May 21, 2024  
2020-2021 Academic Catalog 
2020-2021 Academic Catalog [ARCHIVED CATALOG]

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HUM 3220 - Philosophy of Law

Prerequisite(s): HUM 2730 .
This course introduces students to the two traditions concerning the justification for laws. First, legal positivism, which assumes no intrinsic connection between law and morality. Second, natural law theory, which insists upon such an intrinsic connection.  After students have become familiar with these traditions and their major exponents, we will examine three reasons laws are enacted: the harm principle, the offense principle, and the parental principle.  Credit(s): 3 (3 plus 0)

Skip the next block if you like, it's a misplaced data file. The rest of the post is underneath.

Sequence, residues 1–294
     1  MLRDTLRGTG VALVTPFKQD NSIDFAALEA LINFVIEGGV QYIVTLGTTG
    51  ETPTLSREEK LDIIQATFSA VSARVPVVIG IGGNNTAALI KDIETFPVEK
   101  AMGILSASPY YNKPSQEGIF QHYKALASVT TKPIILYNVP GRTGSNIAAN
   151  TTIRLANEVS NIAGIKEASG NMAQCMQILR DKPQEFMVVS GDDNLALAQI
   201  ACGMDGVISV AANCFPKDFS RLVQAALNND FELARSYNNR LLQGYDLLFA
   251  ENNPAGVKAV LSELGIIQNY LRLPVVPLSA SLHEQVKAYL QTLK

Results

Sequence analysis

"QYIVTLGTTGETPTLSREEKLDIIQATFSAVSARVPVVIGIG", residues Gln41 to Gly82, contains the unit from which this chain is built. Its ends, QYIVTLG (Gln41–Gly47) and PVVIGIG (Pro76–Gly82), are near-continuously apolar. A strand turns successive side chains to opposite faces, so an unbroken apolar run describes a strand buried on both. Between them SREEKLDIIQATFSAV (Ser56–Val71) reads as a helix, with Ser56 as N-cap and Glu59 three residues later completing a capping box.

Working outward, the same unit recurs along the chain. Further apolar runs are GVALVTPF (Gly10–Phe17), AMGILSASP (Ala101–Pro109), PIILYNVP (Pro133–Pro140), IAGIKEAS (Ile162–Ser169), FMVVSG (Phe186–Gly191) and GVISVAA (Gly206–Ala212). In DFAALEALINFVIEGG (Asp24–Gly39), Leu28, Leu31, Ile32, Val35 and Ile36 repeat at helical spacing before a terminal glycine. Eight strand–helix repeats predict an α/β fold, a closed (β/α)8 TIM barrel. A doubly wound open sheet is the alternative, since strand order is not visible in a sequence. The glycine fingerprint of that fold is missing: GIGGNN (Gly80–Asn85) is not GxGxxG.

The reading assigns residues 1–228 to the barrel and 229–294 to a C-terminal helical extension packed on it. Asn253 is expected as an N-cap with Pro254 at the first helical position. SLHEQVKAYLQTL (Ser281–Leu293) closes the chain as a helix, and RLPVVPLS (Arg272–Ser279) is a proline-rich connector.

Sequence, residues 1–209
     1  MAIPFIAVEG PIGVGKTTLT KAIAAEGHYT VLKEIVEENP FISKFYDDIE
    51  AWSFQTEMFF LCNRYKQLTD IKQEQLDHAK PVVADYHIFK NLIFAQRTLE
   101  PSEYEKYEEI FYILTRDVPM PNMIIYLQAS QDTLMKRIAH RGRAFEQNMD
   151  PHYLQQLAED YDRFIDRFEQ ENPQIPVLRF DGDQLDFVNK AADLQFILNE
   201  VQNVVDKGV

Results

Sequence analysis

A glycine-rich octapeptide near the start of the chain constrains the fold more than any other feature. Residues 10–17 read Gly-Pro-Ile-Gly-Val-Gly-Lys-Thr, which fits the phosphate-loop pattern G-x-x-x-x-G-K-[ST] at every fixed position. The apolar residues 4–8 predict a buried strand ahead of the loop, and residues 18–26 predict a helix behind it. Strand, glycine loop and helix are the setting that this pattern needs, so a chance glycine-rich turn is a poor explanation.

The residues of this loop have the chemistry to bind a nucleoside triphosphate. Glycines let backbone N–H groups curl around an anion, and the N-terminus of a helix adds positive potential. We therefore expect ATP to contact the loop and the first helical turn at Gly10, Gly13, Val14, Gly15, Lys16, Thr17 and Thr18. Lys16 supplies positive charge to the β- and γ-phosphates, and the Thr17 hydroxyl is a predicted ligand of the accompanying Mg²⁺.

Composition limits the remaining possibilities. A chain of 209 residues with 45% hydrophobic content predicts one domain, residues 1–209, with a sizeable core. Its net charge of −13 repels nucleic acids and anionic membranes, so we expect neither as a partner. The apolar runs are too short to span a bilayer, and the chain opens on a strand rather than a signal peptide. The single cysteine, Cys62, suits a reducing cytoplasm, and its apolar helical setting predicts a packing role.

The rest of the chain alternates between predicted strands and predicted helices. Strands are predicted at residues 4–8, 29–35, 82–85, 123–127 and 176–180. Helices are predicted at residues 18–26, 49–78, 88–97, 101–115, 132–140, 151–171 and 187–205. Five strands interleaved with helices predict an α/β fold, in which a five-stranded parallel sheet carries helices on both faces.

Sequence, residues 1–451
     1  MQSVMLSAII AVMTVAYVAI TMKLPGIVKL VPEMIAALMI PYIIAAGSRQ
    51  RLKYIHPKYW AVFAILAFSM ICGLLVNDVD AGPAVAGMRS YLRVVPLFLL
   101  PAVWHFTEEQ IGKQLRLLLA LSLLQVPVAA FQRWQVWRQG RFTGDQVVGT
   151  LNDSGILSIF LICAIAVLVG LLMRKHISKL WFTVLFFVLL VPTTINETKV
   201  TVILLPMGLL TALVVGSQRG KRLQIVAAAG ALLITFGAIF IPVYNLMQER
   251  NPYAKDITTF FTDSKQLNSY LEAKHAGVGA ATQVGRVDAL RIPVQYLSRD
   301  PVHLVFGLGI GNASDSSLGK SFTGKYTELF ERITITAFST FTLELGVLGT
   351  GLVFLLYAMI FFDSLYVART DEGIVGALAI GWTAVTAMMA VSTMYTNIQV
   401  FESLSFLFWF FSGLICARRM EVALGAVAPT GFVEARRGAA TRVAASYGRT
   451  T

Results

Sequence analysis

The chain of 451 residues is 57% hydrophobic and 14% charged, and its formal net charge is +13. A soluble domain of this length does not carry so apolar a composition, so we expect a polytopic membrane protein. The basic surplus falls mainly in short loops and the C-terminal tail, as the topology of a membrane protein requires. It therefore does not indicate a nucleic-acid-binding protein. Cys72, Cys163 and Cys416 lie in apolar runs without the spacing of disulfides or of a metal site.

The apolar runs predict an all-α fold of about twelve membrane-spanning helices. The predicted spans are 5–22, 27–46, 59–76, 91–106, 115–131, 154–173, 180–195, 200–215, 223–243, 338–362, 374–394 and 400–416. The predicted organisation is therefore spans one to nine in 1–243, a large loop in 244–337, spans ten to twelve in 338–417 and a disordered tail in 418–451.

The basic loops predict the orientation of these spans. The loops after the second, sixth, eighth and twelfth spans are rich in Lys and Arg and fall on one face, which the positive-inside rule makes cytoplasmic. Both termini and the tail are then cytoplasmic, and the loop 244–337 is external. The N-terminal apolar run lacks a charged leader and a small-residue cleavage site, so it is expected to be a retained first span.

Upon successful completion of this course, students will be able to:

  1. Construct a sustained explanation concerning the meaning of law.
  2. Distinguish between civil laws and moral codes.
  3. Define and distinguish the two major justifications for law: natural law and Positive Law (Legal Positivism).
  4. Recognize the purposes for enacting laws: to prevent harm of others; legislative bodies acting in parental locus; to prevent groups or sub-groups from experiencing offense; to levy taxes and fines.
  5. Evaluate the differences between legal argumentation and argumentation in other disciplines, such as philosophy.
  6. Evaluate what satisfies as acceptable criteria for evidence in jurisprudence.

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